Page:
Acts 19:24 Parallel Verses [⇓ See commentary ⇓]

Acts 19:24, NIV: "A silversmith named Demetrius, who made silver shrines of Artemis, brought in a lot of business for the craftsmen there."

Acts 19:24, ESV: "For a man named Demetrius, a silversmith, who made silver shrines of Artemis, brought no little business to the craftsmen."

Acts 19:24, KJV: "For a certain man named Demetrius, a silversmith, which made silver shrines for Diana, brought no small gain unto the craftsmen;"

Acts 19:24, NASB: "For a man named Demetrius, a silversmith who made silver shrines of Artemis, was bringing considerable business to the craftsmen;"

Acts 19:24, NLT: "It began with Demetrius, a silversmith who had a large business manufacturing silver shrines of the Greek goddess Artemis. He kept many craftsmen busy."

Acts 19:24, CSB: "For a person named Demetrius, a silversmith who made silver shrines of Artemis, provided a great deal of business for the craftsmen."

What does Acts 19:24 mean? [⇑ See verse text ⇑]

Paul has impacted the incomes of people before. In Philippi, a slave girl, possessed by a fortune-telling demon, followed him around and yelled at him so much he expelled the demon. The girl's owners, angry that they could no longer use the girl's power to make money, had Paul and Silas arrested (Acts 16:16–24).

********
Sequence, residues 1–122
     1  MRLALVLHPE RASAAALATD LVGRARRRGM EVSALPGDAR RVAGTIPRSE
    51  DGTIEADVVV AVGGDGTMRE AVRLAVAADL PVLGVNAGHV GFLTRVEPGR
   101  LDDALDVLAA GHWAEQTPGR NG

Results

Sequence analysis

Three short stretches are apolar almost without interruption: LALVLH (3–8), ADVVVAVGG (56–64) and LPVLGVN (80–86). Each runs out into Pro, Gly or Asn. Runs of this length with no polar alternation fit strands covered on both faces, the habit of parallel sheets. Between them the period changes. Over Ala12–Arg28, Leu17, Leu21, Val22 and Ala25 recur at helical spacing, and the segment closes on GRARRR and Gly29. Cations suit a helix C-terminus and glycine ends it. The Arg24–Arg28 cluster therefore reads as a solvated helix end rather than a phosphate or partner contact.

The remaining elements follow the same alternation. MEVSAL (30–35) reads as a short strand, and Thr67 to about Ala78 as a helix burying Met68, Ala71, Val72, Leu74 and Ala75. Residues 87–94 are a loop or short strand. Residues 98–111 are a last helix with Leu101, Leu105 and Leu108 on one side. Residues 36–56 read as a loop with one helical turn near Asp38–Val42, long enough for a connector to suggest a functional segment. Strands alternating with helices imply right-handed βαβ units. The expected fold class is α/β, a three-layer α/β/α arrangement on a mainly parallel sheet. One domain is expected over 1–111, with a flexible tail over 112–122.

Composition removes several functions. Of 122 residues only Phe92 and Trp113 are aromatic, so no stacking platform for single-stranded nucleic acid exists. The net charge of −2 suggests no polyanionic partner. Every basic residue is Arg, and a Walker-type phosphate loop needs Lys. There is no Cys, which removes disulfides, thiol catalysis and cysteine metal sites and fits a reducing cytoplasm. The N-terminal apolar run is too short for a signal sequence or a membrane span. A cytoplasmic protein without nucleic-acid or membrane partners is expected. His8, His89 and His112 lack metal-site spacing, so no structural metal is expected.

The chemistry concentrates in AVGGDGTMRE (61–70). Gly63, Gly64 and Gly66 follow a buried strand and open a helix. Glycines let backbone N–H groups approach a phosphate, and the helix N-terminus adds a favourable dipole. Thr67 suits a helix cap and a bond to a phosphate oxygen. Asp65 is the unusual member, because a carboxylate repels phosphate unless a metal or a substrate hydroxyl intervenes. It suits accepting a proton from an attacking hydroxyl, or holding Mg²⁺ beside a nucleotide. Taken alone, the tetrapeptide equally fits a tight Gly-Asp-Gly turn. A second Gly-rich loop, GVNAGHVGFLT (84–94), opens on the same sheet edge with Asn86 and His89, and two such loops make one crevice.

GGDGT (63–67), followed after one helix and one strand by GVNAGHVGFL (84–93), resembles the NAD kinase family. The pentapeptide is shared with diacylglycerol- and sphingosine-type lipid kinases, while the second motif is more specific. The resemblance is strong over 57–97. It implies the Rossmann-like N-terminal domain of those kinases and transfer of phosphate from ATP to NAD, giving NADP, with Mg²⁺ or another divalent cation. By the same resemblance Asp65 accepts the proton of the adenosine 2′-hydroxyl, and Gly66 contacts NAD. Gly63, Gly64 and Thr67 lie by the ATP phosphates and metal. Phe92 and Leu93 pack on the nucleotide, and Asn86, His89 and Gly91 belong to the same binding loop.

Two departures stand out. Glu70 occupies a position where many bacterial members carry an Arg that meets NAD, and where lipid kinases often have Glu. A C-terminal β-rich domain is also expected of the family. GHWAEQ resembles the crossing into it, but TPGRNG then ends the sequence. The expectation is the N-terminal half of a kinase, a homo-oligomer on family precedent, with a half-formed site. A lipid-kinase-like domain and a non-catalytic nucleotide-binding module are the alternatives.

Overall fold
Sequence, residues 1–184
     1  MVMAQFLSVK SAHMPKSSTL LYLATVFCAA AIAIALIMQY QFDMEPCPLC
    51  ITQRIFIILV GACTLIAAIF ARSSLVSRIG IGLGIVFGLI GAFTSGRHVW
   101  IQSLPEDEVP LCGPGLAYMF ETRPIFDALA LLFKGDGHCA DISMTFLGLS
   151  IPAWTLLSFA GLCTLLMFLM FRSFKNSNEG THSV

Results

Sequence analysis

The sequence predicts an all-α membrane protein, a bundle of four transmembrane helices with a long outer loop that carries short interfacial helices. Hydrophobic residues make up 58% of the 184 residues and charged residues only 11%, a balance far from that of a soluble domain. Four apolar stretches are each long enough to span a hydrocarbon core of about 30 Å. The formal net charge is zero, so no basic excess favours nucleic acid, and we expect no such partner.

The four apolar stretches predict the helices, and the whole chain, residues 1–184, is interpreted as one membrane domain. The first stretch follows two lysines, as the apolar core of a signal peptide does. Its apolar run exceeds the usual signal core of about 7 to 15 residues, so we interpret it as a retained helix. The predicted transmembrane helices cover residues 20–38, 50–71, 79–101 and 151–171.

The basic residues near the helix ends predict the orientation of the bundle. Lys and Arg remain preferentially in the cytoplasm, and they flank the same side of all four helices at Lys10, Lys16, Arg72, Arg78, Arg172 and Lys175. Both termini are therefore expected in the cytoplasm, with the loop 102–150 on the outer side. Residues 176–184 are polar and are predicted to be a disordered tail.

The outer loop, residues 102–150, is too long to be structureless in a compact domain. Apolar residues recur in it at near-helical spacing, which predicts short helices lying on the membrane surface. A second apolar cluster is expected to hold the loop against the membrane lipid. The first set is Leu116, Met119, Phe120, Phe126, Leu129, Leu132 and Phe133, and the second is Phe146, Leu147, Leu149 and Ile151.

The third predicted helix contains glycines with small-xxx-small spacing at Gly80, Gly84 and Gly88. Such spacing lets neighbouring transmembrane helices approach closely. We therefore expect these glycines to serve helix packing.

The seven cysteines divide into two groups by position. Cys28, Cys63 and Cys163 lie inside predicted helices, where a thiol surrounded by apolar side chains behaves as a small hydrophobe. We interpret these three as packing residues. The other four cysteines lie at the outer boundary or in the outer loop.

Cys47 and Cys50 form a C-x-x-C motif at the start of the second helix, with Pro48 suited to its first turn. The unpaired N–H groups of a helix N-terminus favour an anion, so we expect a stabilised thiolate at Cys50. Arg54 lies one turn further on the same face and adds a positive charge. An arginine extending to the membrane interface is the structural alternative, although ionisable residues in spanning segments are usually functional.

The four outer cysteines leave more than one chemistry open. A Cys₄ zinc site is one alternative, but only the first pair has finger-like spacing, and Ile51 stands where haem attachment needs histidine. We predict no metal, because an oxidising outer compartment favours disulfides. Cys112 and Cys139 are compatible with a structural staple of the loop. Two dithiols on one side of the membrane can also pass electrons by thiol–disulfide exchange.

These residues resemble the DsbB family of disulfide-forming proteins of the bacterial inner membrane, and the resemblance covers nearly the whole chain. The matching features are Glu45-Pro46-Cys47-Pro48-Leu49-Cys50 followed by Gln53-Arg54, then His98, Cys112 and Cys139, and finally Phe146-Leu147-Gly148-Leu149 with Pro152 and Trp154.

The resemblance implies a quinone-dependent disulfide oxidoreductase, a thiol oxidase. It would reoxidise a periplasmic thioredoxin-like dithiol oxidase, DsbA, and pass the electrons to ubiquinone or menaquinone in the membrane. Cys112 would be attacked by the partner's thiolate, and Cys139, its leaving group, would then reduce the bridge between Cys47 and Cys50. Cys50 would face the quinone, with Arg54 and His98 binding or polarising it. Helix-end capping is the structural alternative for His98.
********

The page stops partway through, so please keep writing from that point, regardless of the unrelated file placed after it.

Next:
This is the first time on record were Paul angered an entire industry. Through the authority of the Holy Spirit, he has been healing the sick and releasing the possessed from the power of demons. So many people throughout the province of Asia, in southwest modern-day Turkey, have turned away from worshiping the Greek gods that the idol makers fear for their income. They rally the entire city, reinforcing their devotion to Artemis, until the town clerk threatens them with a charge of rioting (Acts 19:25–34).

Part of the town clerk's negotiations is reminding the crowd that Demetrius and the craftsmen can file a suit against Paul if they have sufficient evidence he's breaking the law (Acts 19:38). There's no indication this is Demetrius's goal. He knows Paul hasn't broken the law. But by riling up the people he gets what he wants: an effective marketing campaign.

Throughout the spread of Christianity, those who thoughtfully consider the story of Jesus or who desperately need the freedom and healing Jesus provides accept His offer of forgiveness (Luke 24:26–27; Acts 8:26–39). Those who are jealous of the popularity of Jesus' message or have money to lose rebel (Matthew 27:18; Acts 16:19; 17:5; 19:23–27). The trend continues today.